BR 4399 Tourist Standard Open
|BRBritish Rail or British Railways 4399 Tourist Standard Open|
BRBritish Rail or British Railways Tourist Standard Open 4399
|Built By||BRBritish Rail or British Railways Doncaster|
|Status||Restoration in progress|
|Number||BRBritish Rail or British Railways 3083|
|1983||Preserved on SVRSevern Valley Railway|
4399 in service
BRBritish Rail or British Railways Mark 1 Tourist Standard Open (TSO) 4399 was built in 1956 to diagram number 93 of lot number 30219. Interestingly, it was built in two separate locations. The chassis was one of a job lot constructed in Swindon, which was then moved, like flat goods wagons, down to Ashford in Kent, where the rest of the body was added. The established practice of building coaches for the home region was coming to an end, and 4399 went into service on the Eastern Region. It lasted in British Rail service until 1983 when the new Inter-City high-speed trains made it redundant. The ‘Open Second’ seats 64 passengers at tables, with three cross-vestibules to enable speedier loading and unloading of passengers.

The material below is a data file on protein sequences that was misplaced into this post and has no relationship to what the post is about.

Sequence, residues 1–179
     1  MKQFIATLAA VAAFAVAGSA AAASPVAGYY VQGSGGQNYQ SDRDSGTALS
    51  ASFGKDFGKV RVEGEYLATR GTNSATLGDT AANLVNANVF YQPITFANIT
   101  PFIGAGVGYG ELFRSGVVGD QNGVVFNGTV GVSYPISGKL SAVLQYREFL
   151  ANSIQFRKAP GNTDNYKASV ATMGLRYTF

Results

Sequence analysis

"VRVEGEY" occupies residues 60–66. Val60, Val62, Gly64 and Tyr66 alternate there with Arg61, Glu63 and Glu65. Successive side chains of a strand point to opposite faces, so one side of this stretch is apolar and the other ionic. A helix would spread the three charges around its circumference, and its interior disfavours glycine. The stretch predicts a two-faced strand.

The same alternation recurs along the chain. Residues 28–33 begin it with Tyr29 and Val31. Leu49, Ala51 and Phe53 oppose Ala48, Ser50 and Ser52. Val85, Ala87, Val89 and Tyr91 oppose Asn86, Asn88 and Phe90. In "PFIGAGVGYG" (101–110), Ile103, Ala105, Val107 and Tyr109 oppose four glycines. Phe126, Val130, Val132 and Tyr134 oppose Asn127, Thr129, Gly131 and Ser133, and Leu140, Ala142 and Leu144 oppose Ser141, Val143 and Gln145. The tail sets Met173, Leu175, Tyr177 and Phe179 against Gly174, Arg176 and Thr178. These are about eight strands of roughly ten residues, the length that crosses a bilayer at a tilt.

4399 in preservation
4399 arrived on the SVRSevern Valley Railway in May 1983 from Heaton, being at that time privately owned by D Randall and P Fitzwater. 4399 ran for several years in BRBritish Rail or British Railways blue and grey livery, until the Carriage & Wagon gang at Bridgnorth took it back to 1950s maroon with a quick repaint. However, it soon came out of service and languished in storage for many years. It is now owned by the SVR Charitable Trust. As of 2017[update] it is at Bridgnorth undergoing restoration and modification to include disabled access in a similar manner to 4690, for which it was recently awarded grant funding. 4399 will be finished in the early BRBritish Rail or British Railways livery of crimson and cream, as built, and will run in Set C.
SVRSevern Valley Railway Stock Book Ninth Edition